And last, but certainly not least, congrats to Kevin Russo for making his Major League debut. First Yankee to make his big league debut in 2010.

Things That Made Me Want To Throw My Remote

Not much to complain about that I already haven’t above, but good grief, how about Joe Girardi matching up with Damaso Marte against a lefty in the 8th inning of a nine run game? Come on now, that’s ridiculous.

Randy Winn getting thrown out at the plate in the 4th. The Yanks had two men on with no outs after V-Mart gave the Sox the lead, and that out at home was a big blow at the time. They only went on to score one run in the inning, and even though it didn’t matter in the end, making the first out at home is a major no-no.

WPA Graph

“Oh look, they’re trying to put up a fight.” “Let’s stop that.” “Oh wait look again, now they’re trying to make a comeback.” “Crush them.”

Individual player breakdowns are available at FanGraphs’ box score.

Next Up

With the series already in the bag, the Yankees will try for the sweep tomorrow night on ESPN. A.J. Burnett gets the ball against Jon Lester, first pitch set for 8:05pm ET.

Trenton walks off with a win as Romine’s streak comes to an end

Mike Ashmore has a full transcript of Nardi Contreras’ chat with reporters yesterday, so don’t miss it. It’s a must read. Also, Justin Snyder’s been bumped up to SWB.

Triple-A Scranton (4-2 win over Durham)
Greg Golson, CF & Reegie Corona, 2B: both 1 for 5, 2 K – Golson threw a runner out at second … Corona scored a run
Eduardo Nunez, SS & Chad Huffman, DH: both 0 for 3, 1 BB, 2 K – Nunez got caught stealing
Juan Miranda, 1B: 0 for 2, 1 R, 2 BB, 1 K – good to see him back … he took a pitch off the elbow a few days ago & missed a couple of games … have to imagine he’ll get a chance to fill in for Nick Johnson, even if it’s just a platoon role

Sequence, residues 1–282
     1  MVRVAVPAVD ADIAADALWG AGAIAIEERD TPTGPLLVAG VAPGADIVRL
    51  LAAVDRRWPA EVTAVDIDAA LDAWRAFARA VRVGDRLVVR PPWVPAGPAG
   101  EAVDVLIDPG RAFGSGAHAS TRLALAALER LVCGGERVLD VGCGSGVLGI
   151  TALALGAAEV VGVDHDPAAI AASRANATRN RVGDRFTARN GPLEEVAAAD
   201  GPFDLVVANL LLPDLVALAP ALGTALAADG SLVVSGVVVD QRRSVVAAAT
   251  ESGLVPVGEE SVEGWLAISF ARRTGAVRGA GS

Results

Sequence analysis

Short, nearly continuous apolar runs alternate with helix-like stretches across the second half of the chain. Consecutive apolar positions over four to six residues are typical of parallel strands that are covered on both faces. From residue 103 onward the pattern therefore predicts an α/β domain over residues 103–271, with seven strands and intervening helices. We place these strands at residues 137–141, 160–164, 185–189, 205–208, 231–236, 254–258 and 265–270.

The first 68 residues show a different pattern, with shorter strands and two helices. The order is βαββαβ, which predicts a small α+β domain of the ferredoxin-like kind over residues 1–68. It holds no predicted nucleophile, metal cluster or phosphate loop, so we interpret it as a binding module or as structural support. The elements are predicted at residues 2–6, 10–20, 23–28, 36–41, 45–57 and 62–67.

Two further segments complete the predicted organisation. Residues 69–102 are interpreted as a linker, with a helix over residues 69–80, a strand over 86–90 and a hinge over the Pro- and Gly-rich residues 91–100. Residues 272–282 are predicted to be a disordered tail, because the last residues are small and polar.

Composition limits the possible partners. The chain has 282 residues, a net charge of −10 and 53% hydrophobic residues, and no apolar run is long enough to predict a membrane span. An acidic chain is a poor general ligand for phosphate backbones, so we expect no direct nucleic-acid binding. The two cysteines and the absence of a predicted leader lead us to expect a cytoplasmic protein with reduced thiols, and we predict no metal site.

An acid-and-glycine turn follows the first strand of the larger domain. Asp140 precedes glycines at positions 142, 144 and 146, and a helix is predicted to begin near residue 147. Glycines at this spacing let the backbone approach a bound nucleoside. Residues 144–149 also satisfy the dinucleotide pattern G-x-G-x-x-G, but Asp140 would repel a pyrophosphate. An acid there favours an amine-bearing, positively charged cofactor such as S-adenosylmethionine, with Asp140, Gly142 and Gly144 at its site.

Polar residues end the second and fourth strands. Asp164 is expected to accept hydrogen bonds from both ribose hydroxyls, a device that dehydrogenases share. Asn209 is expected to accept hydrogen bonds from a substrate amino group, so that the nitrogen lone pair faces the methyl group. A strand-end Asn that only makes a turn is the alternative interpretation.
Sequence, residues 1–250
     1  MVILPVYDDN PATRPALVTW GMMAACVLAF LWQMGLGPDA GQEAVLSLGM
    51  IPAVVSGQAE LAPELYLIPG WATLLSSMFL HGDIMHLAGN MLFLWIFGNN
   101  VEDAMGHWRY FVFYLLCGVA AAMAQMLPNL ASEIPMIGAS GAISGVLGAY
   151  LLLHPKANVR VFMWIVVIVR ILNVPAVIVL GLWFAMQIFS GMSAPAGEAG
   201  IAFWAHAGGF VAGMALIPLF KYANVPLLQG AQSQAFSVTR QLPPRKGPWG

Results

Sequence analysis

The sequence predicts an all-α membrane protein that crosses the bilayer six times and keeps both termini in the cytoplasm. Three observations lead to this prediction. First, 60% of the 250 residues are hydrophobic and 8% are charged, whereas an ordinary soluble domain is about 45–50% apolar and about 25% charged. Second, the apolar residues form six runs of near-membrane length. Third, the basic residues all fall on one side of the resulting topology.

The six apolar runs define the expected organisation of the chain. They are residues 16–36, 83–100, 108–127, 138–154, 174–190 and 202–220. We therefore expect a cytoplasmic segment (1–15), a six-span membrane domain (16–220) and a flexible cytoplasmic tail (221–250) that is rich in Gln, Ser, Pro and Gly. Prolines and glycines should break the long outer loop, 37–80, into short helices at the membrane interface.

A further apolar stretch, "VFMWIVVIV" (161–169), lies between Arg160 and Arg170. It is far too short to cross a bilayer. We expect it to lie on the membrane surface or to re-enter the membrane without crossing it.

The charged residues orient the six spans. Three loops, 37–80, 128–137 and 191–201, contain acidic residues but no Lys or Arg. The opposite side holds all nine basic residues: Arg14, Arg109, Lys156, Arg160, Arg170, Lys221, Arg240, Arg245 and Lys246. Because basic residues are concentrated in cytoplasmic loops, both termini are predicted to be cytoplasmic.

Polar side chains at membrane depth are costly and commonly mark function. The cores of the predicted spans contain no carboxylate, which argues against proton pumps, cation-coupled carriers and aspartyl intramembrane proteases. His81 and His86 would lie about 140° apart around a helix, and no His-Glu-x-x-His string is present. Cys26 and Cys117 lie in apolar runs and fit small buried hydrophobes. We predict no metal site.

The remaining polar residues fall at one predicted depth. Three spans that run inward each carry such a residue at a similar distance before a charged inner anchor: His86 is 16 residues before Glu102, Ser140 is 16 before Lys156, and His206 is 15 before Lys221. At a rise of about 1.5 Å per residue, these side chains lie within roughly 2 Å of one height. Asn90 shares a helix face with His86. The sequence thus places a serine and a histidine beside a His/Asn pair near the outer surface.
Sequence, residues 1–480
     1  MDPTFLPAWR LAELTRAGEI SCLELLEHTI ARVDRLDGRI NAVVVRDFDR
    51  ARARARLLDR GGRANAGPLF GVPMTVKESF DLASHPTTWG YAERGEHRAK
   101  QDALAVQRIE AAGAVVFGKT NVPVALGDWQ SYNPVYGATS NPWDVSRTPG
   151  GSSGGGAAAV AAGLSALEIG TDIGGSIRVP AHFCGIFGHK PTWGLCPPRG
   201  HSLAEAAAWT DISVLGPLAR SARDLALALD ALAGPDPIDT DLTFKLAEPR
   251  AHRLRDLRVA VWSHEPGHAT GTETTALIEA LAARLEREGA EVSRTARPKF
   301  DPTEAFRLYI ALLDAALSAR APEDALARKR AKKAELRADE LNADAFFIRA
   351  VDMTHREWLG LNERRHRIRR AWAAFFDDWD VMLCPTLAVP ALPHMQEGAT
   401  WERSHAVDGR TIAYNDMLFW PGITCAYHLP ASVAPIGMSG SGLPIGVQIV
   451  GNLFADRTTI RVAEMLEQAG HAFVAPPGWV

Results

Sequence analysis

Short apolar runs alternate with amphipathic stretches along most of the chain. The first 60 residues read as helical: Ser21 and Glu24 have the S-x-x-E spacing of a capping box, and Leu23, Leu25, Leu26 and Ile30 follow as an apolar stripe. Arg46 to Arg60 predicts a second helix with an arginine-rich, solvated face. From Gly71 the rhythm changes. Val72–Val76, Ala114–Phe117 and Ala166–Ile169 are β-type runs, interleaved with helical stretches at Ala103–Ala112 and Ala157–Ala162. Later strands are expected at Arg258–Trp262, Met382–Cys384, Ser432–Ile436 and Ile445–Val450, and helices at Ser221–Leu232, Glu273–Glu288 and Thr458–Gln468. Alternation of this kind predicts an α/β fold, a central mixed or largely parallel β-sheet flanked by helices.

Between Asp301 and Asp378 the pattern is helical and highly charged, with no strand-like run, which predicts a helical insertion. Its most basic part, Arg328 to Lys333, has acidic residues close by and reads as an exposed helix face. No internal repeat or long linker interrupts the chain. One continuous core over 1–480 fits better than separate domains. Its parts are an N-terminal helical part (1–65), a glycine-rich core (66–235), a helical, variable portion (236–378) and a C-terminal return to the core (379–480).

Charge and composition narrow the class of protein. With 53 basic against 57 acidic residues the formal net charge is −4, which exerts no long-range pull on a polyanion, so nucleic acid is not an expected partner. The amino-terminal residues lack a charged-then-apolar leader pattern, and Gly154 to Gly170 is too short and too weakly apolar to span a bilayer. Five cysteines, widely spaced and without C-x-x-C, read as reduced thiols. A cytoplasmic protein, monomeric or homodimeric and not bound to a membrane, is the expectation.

David Winfree, RF & Robby Hammock, 3B: both 2 for 4 – Winfree hit a bomb & drove in three
Jon Weber, LF: 0 for 4, 2 K
P.J. Pilittere, C: 2 for 4, 1 R, 1 2B, 1 K, 1 CS, 1 PB – still no definitive reason on why Jesus Montero was lifted from yesterday’s game … anything you see is just speculation at this point
Jason Hirsh: 5.1 IP, 4 H, 2 R, 2 ER, 5 BB, 5 K, 6-4 GB/FB, 1 E (throwing) – just 58 of 105 pitches were strikes (55.2%) … just one of those days
Zack Segovia: 2.2 IP, 1 H, 0 R, 0 ER, 0 BB, 3 K, 3-2 GB/FB – 20 of 27 pitches were strikes (74.1%)
Jon Albaladejo: 1 IP, zeroes, 2 K, 1-0 GB/FB – 11 of his 13 pitches were strikes

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Aceves pulled with stiff lower back

Update by Mike (8:46pm): Aceves will be out for two or three days, which isn’t all that bad. Phew.

7:24: Aceves exited with a stiff lower back. He’s had back problems before, as recently as Spring Training.

6:51pm: The injury bug continues to bite the Yankees. While pitching in the bottom of the sixth, Alfredo Aceves finished his delivery awkwardly and injured himself. The team has yet to announce what happened, but Joe Girardi and the trainers pulled the versatile reliever without hesitation. We’ll update this post as news comes in.